Sunday, October 10, 2010

Esthétique du Mal / Wallace Stevens (XI)


Life is a bitter aspic. We are not
At the centre of a diamond. At dawn,
The paratroopers fall and as they fall
They mow the lawn. A vessel sinks in waves
Of people, as big-bell billows from its bell
Bell-bellow in the village steeple. Violets,
Great tufts, spring up from buried houses
Of poor, dishonest people, for whom the steeple,
Long since, rang out farewell, farewell, farewell.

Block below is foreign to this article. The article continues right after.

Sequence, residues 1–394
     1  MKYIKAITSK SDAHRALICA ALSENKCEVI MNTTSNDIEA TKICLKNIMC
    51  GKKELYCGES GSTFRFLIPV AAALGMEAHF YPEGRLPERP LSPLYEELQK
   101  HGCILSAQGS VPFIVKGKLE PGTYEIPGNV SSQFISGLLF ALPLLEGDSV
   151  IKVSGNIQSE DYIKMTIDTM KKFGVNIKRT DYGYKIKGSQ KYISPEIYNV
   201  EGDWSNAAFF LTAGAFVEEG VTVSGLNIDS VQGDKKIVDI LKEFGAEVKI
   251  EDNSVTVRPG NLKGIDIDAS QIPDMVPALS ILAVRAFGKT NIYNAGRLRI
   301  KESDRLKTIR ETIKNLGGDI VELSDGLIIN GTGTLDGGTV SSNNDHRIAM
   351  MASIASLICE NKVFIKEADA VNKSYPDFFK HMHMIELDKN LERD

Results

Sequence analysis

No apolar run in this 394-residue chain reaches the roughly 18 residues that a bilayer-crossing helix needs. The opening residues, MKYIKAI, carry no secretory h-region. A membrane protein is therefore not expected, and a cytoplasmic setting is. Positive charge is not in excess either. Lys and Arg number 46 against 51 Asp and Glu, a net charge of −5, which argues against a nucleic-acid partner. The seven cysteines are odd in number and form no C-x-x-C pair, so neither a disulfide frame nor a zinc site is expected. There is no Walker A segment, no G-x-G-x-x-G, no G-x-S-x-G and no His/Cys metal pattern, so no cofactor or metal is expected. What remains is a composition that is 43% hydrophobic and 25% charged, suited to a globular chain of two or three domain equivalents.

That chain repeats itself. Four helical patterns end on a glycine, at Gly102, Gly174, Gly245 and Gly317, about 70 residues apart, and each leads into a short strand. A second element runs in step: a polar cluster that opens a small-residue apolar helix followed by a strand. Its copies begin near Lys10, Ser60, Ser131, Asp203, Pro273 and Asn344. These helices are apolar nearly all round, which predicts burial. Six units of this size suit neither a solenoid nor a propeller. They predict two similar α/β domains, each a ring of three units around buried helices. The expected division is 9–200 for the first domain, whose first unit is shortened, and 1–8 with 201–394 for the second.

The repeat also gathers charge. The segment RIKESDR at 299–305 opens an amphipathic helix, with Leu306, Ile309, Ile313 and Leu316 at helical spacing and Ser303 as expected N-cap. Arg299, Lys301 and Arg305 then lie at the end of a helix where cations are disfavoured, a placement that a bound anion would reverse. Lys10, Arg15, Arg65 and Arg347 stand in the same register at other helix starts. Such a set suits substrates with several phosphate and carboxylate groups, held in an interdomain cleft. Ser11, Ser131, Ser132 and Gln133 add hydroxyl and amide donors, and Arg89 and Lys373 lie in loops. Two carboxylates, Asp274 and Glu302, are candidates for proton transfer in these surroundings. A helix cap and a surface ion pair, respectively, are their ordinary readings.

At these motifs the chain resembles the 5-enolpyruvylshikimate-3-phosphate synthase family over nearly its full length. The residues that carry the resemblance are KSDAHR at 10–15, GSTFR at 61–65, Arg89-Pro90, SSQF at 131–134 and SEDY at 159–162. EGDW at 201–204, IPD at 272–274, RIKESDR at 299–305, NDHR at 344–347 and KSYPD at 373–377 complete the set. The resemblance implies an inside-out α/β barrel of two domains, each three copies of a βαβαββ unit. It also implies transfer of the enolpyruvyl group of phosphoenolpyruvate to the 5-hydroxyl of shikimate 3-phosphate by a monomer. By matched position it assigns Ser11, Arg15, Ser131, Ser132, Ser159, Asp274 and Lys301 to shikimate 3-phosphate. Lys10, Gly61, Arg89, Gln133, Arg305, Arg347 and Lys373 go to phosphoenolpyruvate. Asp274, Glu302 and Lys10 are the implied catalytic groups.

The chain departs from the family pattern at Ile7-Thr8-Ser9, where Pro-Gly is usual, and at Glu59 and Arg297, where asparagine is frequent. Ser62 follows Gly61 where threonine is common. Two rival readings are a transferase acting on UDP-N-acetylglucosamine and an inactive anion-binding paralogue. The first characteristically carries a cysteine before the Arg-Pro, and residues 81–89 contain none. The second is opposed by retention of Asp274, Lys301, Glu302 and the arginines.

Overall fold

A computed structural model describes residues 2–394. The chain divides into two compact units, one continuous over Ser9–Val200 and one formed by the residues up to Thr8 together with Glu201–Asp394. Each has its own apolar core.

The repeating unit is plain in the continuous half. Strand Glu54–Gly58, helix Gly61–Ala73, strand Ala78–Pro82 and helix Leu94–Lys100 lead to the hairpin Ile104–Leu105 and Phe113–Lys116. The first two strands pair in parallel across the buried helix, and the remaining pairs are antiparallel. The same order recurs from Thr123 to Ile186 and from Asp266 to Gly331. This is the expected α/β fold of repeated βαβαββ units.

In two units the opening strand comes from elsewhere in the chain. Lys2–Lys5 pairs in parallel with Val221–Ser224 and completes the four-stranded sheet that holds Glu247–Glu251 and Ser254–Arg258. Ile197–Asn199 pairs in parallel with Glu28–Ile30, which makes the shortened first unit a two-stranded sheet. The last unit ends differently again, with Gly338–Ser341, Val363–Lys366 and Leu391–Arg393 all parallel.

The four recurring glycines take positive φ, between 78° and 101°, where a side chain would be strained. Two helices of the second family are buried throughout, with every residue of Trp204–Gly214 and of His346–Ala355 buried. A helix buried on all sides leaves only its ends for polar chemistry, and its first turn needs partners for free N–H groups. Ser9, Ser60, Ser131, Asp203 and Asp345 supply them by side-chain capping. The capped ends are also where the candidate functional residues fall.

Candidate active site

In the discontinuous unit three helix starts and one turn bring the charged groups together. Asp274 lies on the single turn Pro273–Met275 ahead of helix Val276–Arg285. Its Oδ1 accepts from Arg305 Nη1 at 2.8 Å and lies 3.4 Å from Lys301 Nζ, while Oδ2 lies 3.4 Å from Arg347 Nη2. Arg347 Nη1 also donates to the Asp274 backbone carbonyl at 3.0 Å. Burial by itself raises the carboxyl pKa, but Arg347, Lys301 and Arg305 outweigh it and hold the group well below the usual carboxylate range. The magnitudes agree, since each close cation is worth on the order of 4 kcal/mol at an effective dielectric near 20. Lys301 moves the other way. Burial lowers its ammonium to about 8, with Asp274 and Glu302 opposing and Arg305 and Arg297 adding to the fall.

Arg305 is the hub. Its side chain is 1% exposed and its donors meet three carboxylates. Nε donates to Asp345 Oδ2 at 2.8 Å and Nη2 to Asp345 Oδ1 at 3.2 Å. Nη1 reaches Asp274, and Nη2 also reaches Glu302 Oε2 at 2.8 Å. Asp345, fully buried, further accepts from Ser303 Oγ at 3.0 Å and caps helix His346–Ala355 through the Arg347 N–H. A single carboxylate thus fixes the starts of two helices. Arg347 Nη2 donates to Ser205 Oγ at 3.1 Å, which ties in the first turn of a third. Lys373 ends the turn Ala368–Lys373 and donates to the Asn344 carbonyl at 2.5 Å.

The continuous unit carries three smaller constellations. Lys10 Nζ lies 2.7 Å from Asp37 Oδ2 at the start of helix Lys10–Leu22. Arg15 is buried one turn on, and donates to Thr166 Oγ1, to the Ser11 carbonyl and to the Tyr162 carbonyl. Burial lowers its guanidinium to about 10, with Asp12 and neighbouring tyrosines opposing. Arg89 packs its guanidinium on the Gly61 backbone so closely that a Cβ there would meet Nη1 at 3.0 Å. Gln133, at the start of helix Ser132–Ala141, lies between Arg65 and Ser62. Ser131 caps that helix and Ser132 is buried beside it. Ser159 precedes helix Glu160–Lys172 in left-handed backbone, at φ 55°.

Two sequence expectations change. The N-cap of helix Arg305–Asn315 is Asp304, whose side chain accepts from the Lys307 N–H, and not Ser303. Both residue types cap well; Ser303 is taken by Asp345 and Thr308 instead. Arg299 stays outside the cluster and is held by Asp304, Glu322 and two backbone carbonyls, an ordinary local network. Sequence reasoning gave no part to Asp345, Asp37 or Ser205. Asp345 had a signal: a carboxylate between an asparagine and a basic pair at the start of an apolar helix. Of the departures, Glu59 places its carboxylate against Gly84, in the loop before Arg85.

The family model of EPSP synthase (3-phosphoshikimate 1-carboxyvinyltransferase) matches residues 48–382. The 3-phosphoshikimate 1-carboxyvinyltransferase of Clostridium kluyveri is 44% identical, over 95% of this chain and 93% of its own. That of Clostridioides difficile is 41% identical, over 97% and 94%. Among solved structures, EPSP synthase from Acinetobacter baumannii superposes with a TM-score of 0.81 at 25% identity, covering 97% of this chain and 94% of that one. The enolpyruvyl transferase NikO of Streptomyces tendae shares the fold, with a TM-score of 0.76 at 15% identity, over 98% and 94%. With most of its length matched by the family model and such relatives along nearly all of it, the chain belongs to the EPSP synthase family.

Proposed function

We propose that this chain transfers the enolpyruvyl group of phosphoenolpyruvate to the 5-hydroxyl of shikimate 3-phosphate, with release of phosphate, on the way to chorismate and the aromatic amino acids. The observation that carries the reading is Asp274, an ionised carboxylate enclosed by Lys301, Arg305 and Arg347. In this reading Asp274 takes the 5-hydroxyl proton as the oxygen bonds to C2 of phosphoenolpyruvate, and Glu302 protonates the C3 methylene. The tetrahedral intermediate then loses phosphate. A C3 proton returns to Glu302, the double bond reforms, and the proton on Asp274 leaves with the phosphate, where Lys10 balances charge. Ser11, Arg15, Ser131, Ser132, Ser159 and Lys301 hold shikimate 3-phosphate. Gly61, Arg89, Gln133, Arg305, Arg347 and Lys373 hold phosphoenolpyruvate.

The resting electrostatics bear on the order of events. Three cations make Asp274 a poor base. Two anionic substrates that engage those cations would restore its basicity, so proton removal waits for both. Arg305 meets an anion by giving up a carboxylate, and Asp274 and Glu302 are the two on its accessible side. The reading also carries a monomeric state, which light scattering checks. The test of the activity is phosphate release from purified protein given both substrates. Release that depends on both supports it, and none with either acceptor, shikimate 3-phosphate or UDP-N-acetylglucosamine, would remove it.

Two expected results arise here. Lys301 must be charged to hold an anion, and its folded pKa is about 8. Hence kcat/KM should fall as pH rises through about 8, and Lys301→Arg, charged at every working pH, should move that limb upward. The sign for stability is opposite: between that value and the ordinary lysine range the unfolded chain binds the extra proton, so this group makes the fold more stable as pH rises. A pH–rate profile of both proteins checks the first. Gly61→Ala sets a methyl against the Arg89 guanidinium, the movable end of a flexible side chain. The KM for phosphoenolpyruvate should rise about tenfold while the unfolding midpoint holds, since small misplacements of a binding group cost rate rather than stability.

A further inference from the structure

Natives of poverty, children of malheur,
The gaiety of language is our seigneur.

A man of bitter appetite despises
A well-made scene in which paratroopers
Select adieux; and he despises this:
A ship that rolls on a confected ocean,
The weather pink, the wind in motion; and this:
A steeple that tip-tops the classic sun's
Arrangements; and the violets' exhumo.

The tongue caresses these exacerbations.
They press it as epicure, distinguishing
Themselves from its essential savor,
Like hunger that feeds on its own hungriness.


[Poem is in the public domain in Canada]
To view the complete poem, click here.

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